‘The Batman’ adds flair to iconic franchise
Colin Capece | Tuesday, March 15, 2022
One of the qualms moviegoers always seem to have about Batman movies is that they’re so darn stuck up. We get it DC: it’s somehow always nighttime and raining in run-down Gotham City, and our favorite nocturnal hero always has to say something overzealous like “I am vengeance!” in his low, gravelly voice before he beats the snot out of some poor schmuck who hopped the subway gate. Now don’t get it twisted: it would certainly be out of place if the caped crusader had the bad boy wit of Tony Stark or the nice guy charm of Peter Parker. But a sprinkle of reality here or there would certainly be welcomed by both hardcore and casual fans.
Enter Matt Reeve’s “The Batman,” and DC’s really got something cooking. The first iteration of this classic comic-book superhero tale since Christopher Nolan closed the book on his epochal trilogy 10 years ago brings an augmented vibe, adding new elements that are a welcome surprise, but also retaining familiar ones that make Batman who he is.
The new-look Batman starts with the portrayal of Gotham City itself. Reeves takes it a step further than even Nolan in bringing Gotham’s utterly deplorable institutional corruption into the light. I didn’t think I could witness a city descend into more lawlessness than Philadelphia after the Eagles won the Super Bowl in 2018, but Gotham in this movie makes the Cradle of Liberty look like a Sunday stroll in the park. The director lets the audience know from the outset that transgressions cut to the heart of the city’s power structure, and there is nothing anyone — not even Batman — can do about it. The Riddler, played by Paul Dano, is the perfect villain for this film because he’s really no villain at all. Previous Batman adversaries hoped to fold Gotham in on itself, but the city in “The Batman” has already done that. Instead, The Riddler wants to cleanse Gotham of its fraudulent officials one by one, even if he has a dastardly way of going about it.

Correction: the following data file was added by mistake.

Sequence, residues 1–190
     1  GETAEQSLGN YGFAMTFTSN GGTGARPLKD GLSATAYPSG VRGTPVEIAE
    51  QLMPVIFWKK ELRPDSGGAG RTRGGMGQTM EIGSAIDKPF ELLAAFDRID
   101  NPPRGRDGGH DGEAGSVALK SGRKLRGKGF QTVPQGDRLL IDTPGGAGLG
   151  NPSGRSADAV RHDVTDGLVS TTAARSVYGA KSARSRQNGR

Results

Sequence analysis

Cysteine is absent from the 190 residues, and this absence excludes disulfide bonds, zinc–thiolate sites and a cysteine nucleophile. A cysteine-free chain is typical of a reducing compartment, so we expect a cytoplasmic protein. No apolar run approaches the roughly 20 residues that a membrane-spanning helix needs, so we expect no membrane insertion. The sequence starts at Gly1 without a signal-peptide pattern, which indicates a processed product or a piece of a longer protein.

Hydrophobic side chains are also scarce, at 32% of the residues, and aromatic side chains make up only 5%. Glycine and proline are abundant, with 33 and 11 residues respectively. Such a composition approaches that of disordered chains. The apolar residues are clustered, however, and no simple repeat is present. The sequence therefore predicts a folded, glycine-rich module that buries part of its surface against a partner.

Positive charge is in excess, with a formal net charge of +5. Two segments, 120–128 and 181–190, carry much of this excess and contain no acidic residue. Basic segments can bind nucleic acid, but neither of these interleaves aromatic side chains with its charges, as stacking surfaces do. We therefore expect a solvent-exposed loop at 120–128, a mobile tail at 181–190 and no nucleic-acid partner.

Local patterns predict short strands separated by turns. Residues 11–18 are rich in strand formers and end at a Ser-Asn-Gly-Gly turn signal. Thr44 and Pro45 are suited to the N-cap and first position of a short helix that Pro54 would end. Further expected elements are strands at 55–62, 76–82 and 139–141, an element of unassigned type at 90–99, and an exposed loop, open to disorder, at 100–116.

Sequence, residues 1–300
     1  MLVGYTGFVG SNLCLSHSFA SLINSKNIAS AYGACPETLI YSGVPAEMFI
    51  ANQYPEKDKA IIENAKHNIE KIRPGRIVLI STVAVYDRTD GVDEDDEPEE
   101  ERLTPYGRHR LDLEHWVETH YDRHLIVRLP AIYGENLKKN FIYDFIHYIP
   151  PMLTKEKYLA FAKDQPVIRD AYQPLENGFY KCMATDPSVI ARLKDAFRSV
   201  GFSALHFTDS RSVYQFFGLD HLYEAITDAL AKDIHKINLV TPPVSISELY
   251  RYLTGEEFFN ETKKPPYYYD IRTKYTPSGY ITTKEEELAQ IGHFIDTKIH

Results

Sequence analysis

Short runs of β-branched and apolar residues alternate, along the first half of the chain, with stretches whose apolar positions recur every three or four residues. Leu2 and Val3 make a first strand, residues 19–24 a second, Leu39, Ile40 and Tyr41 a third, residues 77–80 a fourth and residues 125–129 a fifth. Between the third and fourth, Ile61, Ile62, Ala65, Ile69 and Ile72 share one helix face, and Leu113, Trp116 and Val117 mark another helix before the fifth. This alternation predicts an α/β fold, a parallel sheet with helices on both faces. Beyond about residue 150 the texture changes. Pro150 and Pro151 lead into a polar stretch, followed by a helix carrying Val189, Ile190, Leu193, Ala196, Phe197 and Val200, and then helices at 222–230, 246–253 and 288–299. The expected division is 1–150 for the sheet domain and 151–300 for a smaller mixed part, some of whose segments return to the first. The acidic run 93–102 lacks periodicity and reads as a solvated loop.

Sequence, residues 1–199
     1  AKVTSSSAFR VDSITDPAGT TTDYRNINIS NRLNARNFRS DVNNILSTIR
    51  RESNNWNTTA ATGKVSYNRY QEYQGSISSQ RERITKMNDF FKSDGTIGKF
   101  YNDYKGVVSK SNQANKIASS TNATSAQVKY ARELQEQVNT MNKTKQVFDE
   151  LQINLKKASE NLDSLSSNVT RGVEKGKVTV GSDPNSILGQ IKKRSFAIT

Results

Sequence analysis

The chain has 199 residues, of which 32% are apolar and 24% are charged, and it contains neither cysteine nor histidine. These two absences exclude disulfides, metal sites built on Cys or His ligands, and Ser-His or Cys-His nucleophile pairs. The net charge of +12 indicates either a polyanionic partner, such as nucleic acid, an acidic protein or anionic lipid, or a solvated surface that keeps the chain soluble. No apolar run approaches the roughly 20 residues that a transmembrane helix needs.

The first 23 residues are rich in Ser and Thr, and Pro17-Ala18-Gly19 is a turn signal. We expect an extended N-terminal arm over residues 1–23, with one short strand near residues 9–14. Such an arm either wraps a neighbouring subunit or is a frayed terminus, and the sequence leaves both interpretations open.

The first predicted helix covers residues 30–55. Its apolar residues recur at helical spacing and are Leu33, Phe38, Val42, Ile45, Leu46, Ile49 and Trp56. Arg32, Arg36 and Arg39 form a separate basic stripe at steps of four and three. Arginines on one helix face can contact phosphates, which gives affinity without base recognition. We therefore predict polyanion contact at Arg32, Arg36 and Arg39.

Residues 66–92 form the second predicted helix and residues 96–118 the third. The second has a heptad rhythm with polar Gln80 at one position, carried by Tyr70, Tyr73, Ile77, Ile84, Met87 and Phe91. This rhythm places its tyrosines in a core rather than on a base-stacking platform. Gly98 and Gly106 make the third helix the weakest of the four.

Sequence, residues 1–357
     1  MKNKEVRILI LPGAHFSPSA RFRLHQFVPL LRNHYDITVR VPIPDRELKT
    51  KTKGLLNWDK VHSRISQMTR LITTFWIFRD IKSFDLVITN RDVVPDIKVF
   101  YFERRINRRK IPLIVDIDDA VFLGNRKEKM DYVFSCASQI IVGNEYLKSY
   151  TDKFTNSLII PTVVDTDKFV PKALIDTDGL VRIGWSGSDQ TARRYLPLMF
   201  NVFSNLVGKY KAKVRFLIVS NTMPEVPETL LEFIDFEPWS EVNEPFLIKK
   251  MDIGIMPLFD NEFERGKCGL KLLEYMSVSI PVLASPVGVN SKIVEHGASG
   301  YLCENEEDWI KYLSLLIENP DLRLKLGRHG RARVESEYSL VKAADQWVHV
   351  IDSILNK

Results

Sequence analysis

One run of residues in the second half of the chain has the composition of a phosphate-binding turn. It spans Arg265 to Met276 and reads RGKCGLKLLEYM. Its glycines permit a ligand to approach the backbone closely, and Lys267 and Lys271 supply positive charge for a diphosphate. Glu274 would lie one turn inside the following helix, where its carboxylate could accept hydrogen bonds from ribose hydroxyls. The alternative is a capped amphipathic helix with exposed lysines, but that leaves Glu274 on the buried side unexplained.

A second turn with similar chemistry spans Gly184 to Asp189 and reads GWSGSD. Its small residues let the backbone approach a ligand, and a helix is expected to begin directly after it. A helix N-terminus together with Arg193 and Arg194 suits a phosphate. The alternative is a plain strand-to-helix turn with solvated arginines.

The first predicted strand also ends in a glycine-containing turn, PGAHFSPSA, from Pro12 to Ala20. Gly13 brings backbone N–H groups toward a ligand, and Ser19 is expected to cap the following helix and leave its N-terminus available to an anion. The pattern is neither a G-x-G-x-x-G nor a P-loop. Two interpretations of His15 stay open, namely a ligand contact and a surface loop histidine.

Robert Pattinson is the most relatable Bruce Wayne in the franchise because the audience finally gets to witness a more vulnerable side of his story. Wayne is never shown yucking it up with Gotham’s elite at galas or hosting lavish events at his manor. Instead he rides home on his motorcycle after a night of crime fighting with “Something In The Way” by Nirvana playing in the background. Wiping the grime from his face, he looks beaten down, dejected and disillusioned. Who wouldn’t be after trying to save a city that doesn’t deserve to be saved? When he ventures out to a cop’s funeral, Wayne doesn’t smile or wave for the cameras, but instead keeps his head down hoping to just blend in with the crowd. In every sense, Wayne appears to just want to do what’s right. The combination of The Riddler’s valid intentions and Pattinson’s down-to-earth characterization make it difficult to know who to root for at times, certainly a change of pace from previous Batman films.
With a nearly three-hour-long run time, some may be wondering how to stay invested without a traditional good guy-bad guy storyline, but this movie has enough of the traditional Batman ingredients to make the time fly by. The Riddler’s trail of clues he leaves at each crime scene was convoluted enough to keep me wondering what was coming next (although that’s not saying much from a former associate sports editor, but you get the point). There are the typical skull-cracking fight scenes and an absurdly cool car chase that give the adrenaline junkies their fix. And not to mention a pair of dazzling performances by supporting characters Gordon (Jeffrey Wright) and Selina Kyle (Zoe Kravitz). The last good cop in Gotham is extremely convincing as the hero’s morally upstanding sidekick, and Catwoman’s own family history pushes the protagonist to authentically question himself even more.
Adding some new wrinkles in “The Batman” without deviating too much from where it came from has served DC well. When the credits rolled, I realized I had thought long and hard while simultaneously being thoroughly entertained, exactly what a Batman movie should be.
Title: The Batman
Starring: Robert Pattinson, Paul Dano, Zoe Kravitz
Director: Matt Reeves
If You Like: The Dark Knight, The Dark Knight Rises
Shamrocks: 4 ½ out of 5